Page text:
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Dielectrics

Conductor has free electrons.


Dielectric electrons are strongly bounded to the
atom.
In a dielectric, an externally applied electric field,
Eext cannot cause mass migration of charges
since none are able to move freely.
But, Eext can polarize the atoms or molecules in
the material.
The polarization is represented by an electric
dipole.

Note the field will apply a force on both the positively charged
nucleus and the negatively charged electron. However, these forces
will move these particles in opposite directions
Note, an electric dipole has been created !

D, flux density is proportionally


increase as polarization increase
through induction of permittivity, of
the material relating the E and D

permittivity, = proportional
to the permittivity of free
space, 0
= r 0

However, the electron may be break free from the atom, creating
a positive ion and a free electron.

We call these free charges, and the electric field will cause them to
move in opposite directions :

Moving charge is electric current J(r ) .

Electric Boundary Conditions


Electric field maybe continuous in each of two
dissimilar media
But, the E-field maybe discontinuous at the
boundary between them
Boundary conditions specify how the tangential
and normal components of the field in one
medium are related to the components in other
medium across the boundary
Two dissimilar media could be: two different
dielectrics, or a conductor and a dielectric, or
two conductors

Dielectric- dielectric boundary

Interface between two dielectric media

Dielectric- dielectric boundary


Based on the figure in previous slide:
First boundary condition related to the tangential
components of the electric field E is:
E1t E2t

V/m

Second boundary condition related to the normal


components of the electric field E is:
D1n D2 n S

OR

1 E1n 2 E 2 n S

E2
Exy1

Ez1

E1

Exy2

Ez2
xy -plane

xy

Solution:
1=20

2 =5 0

1) Exy1=Exy2 thus,Exy2 = 3ax+4ay


2) Ez1 = 5az,

E2
2
1

but, Ez2 = ??

E1

20(5az) = 50(Ez2)

Example 1:
1) Find E2 in the dielectric,
when E1 = 3ax+4ay+5az,
2) And find 1 and 2.

Ez2 = 2az
thus, E2 =3az+4ay+2az

1=20
2

2=80
E1

E2
xy

Find E1 if E2 = 2x -3y +3z with s = 3.54 x 10-11(C/m2)


And find 1 and 2

Conductor- conductor boundary


Boundary between two conducting media:

Using the 1st and 2nd boundary conditions:


and E E
E1t E2t V/m
1 1n
2 2n
S

xy

J2
Jz1
Jxy1

Jz2

J1

Jxy2
z

Conductor- conductor boundary


In conducting media, electric fields give rise to
current densities.
From J E, we have:
J 1t J 2t

1 2

and

J1n
J 2n
1
2
S
1
2

The normal component of J has be continuous


across the boundary between two different
media under electrostatic conditions.

Conductor- conductor boundary


Hence, upon setting J 1n J 2 n , we found the
boundary condition for conductor- conductor
boundary:
1 2
J1n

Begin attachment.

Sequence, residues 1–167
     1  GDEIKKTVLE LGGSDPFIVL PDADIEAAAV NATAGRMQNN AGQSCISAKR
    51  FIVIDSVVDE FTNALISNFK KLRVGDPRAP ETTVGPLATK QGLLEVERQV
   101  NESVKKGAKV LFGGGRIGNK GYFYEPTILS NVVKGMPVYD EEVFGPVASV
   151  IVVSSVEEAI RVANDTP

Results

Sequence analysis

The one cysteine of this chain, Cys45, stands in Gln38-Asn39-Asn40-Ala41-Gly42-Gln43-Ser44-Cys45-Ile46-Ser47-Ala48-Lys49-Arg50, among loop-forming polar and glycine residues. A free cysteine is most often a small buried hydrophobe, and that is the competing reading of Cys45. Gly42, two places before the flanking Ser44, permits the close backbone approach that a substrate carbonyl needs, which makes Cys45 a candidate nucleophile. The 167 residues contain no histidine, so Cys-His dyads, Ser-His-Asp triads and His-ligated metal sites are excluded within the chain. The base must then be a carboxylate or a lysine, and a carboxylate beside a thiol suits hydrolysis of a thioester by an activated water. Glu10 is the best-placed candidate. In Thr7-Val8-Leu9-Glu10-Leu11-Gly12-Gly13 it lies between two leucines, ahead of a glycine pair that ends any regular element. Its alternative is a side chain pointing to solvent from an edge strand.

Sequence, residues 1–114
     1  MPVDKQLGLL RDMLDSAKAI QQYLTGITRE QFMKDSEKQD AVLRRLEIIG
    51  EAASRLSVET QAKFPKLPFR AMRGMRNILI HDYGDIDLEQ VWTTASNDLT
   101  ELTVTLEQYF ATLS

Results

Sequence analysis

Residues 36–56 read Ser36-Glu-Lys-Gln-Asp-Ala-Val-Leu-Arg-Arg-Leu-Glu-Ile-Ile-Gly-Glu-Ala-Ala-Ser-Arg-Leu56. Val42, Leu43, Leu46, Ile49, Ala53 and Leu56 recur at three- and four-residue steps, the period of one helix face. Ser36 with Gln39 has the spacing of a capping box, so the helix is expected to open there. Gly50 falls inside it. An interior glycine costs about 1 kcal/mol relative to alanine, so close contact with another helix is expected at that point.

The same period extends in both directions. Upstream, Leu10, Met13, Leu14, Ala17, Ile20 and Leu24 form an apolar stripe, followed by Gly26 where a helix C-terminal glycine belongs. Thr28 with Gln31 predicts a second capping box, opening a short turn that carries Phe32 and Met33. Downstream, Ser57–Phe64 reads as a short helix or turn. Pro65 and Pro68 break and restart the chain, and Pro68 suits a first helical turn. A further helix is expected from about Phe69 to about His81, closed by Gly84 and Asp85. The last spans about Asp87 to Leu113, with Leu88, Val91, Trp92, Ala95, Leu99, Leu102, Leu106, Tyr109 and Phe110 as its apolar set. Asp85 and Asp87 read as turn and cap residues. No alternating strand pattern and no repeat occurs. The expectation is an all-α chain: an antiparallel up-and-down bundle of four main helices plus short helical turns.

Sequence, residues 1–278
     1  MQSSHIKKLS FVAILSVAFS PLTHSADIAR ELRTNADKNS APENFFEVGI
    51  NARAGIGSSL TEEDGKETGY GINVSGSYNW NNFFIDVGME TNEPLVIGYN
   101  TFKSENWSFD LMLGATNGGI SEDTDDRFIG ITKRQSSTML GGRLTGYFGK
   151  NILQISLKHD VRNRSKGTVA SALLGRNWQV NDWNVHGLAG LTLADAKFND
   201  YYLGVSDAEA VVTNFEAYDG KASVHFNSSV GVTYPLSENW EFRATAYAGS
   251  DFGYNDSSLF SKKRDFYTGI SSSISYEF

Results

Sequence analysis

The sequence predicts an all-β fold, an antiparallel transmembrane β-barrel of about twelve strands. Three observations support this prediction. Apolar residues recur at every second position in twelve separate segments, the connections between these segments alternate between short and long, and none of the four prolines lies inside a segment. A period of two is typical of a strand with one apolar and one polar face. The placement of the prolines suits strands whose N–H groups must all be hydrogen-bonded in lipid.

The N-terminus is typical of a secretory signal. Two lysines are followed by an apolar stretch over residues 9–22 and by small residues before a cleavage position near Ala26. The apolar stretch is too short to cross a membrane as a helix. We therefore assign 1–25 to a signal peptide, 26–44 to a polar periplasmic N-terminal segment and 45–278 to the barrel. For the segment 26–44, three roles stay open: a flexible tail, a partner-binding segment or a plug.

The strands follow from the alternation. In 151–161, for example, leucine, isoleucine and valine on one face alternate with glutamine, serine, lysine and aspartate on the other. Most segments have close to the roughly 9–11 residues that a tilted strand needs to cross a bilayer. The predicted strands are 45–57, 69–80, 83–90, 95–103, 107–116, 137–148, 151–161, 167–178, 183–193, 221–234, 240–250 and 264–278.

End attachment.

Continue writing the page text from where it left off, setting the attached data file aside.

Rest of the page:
s
1 2

electrostatics

Dielectric-conductor boundary

Assume medium 1 is a dielectric


Medium 2 is a perfect conductor

Perfect conductor

When a conducting slab is placed in an external


electric field, E 0
Charges that accumulate on the conductor
surfaces induces an internal electric field Ei E 0
Hence, total field inside conductor is zero.

Dielectric-conductor boundary
The fields in the dielectric medium, at the
boundary with the conductor is E1t E2t .
Since E2t 0 , it follows that E1t D1t 0 .
Using the equation, D1n , s
we get: D1n 1E1n s
Hence, boundary condition at conductor surface:
D1 1 E1 n s

at conductor surface

= normal vector pointing outward


where n

Dielectric-conductor boundary
Based on the figure in previous slide:
In a perfect conductor,
E D 0 everywhere in the conductor
Hence, E2 D2 0
This requires the tangential and normal
components of E2 and D2 to be zero.

Capacitance
Capacitor two conducting bodies
separated by a dielectric medium
s = Q / A

s = surface charge density


Q = charge (+ve / -ve)
A = surface Area

E = s/

2
E=0/V=0 on the surface

Capacitance
Capacitance is defined as:
Q
C
V

C/V

or F

where: V = potential difference (V)


Q = charge (C)
C = capacitance (F)

Example 7
Obtain an expression for the capacitance C of a
parallel-plate capacitor comprised of two parallel
plates each of surface area A and separated by
a distance d. The capacitor is filled with a
dielectric material with permittivity .

Solution to Example 7
expression for the capacitance C = Q/V
s = Q / A

and

the voltage difference is

zE zdz Ed

0
Q
Q
A

Hence, the capacitance is: C


V Ed
d

Example 8
Use image theory to determine E at an arbitrary
point P (x, y, z) in the region z > 0 due to a
charge Q in free space at a distance d above a
grounded conducting plane.

Solution to Example 8
Charge Q is at (0, 0, d) and its image Q is at
(0,0,d) in Cartesian coordinates. Using
Coulombs law, E at point P(x,y,z) due to two
point charges:
Q x y z;
R1 ( x 0) ( y 0) ( z d );
R2 ( x 0) ( y 0) ( z d )

Q
E
4 0

1 QR1 QR2
E

3
4 0 R 3
R
2
1

xx y y z z d

3/ 2
2
2
2
x y z d

xx y y z z d

3/ 2
2
2
2
x y z d

Electrostatic potential energy


Assume a capacitor with plates of good
conductors zero resistance,
Dielectric between two conductors has negligible
conductivity, 0 no current can flow through
dielectric
No ohmic losses occur anywhere in capacitor
When a source is connected to a capacitor,
energy is stored in capacitor
Charging-up energy is stored in the form of
electrostatic potential energy in the dielectric
medium

Electrostatic potential energy


1
Electrostatic potential energy, We CV 2
2
Q
Q
A
The capacitance: C

V Ed
d

Hence, We for a parallel plate capacitor:


1 A
1 2
1 2
2
Ed E ( Ad ) E v
We
2 d
2
2

where V Ed (voltage across capacitor)


v Ad (volume of the capacitor)

Image Method
Image theory states that a charge Q above a
grounded perfectly conducting plane is equal to
Q and its image Q with ground plane removed.